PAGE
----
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Sonoma Family Life Magazine

My Child Doesn’t Like Reading. You Got a Problem with That?

By Katy M. Clark

I saw it again. Another parent’s social media post, singing the praises of her non-stop reader:

How lucky am I? My son finished Harry Potter, and he’s only in second grade!

You are lucky, I thought, damping down my jealousy. My son hates reading. He loathes books with a passion unseen since he was three years old and lost a game of Candy Land to me.

I’d always wanted to post about his aversion to reading. But he’s a teenager now, so I can’t get away with it. Plus deep down I’ve felt that my son’s lack of interest in words meant that I was a bad mother.

However, the truth is kinder to me than I am to myself: Reading simply is a pursuit that he is not passionate about.

He can read.

He doesn’t like to read.

There is a difference.

Ever since he was born, I tried to instill in him a love of the written word. In no particular order, here are the word-nurturing, pro-book, literature-lovin’ experiences I’ve exposed him to:

• I read in front of him. I love to read!

• I read to him every day, from birth until third grade.

• I took him to storytime at the library.

• I signed him up for the summer reading program at the library.

• I took him to the bookstore and bought him books.

• I bought him books from school book fairs.

• I made sure his daycare was chock full of book nooks, story times, and language-enrichment activities.

• I signed those school reading logs that came home every night from kindergarten through sixth grade.

• I chatted with him about books.

• I bought him a Kindle and downloaded books for it.

• Did I mention I read in front of him? I love to read!

For years, I’ve felt bad about his lack of fervor for reading, especially during the dreaded “March Is Reading Month.” Until one day I stopped.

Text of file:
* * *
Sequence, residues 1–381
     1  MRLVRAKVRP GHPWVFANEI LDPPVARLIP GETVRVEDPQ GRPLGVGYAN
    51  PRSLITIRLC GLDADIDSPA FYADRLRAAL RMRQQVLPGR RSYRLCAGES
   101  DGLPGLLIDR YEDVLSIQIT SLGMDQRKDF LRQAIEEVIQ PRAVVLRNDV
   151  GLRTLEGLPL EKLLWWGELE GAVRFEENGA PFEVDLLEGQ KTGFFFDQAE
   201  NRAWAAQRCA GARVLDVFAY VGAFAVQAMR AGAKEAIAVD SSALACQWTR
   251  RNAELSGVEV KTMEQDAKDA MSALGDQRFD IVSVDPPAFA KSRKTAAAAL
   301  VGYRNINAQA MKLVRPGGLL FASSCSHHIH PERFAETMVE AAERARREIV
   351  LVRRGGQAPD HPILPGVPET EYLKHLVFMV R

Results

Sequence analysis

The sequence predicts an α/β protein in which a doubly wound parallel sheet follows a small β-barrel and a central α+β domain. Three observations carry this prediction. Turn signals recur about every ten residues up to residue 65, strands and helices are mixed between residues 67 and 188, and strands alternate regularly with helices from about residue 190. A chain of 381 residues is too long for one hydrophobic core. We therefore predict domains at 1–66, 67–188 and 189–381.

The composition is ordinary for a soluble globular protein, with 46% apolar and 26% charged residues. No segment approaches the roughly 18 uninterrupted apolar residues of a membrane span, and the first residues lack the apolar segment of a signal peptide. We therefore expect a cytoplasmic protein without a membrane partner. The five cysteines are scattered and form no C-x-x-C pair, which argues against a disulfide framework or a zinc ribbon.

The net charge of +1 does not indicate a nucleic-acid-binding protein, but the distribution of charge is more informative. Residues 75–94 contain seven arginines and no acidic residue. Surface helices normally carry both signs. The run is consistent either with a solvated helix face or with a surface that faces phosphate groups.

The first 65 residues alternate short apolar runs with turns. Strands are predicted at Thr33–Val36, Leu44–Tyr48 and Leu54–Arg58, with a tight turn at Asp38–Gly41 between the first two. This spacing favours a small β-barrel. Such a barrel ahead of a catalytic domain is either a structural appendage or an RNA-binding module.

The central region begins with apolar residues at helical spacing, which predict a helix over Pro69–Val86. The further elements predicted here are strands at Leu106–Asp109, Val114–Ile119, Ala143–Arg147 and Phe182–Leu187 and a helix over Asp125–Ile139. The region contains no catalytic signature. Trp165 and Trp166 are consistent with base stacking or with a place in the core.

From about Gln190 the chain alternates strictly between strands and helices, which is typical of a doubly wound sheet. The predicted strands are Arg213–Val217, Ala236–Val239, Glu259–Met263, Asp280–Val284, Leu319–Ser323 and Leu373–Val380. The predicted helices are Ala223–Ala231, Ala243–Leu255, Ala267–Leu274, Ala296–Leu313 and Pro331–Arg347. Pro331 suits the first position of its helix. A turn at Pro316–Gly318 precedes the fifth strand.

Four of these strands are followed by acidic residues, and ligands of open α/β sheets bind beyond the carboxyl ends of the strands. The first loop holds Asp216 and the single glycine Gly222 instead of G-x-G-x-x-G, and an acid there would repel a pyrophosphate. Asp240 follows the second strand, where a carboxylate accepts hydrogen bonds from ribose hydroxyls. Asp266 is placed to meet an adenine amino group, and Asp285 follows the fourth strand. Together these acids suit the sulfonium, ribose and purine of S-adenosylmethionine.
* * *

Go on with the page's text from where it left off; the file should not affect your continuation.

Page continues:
It was the day a mom came over to pick up her child from a play date with my youngest (who loves to read, by the way). I don’t remember how the topic of my son’s lack of interest in reading came up, but she shared her thoughts.

“I hate reading, too,” she admitted. “It was never social enough. I always wanted to be doing something else.”

Here she was, a successful vice president at an international company and a mom of three kids, confessing that reading wasn’t for her.

It was a relief. It was the first voice I had heard that defied the cacophony telling me that I must get my child to love reading. That day I allowed myself to believe, to embrace even, that my son could succeed in life even though he doesn’t like books.

Reading is not for my son. However, what is for my son is socializing with friends and family, chatting with anyone he meets, participating in classroom discussions, being a leader, playing sports, and being pretty great.

Maybe I should put that on social media. Such a post couldn’t embarrass him—chances are he won’t even read it. 

Katy M. Clark is a writer who embraces her maternal imperfections at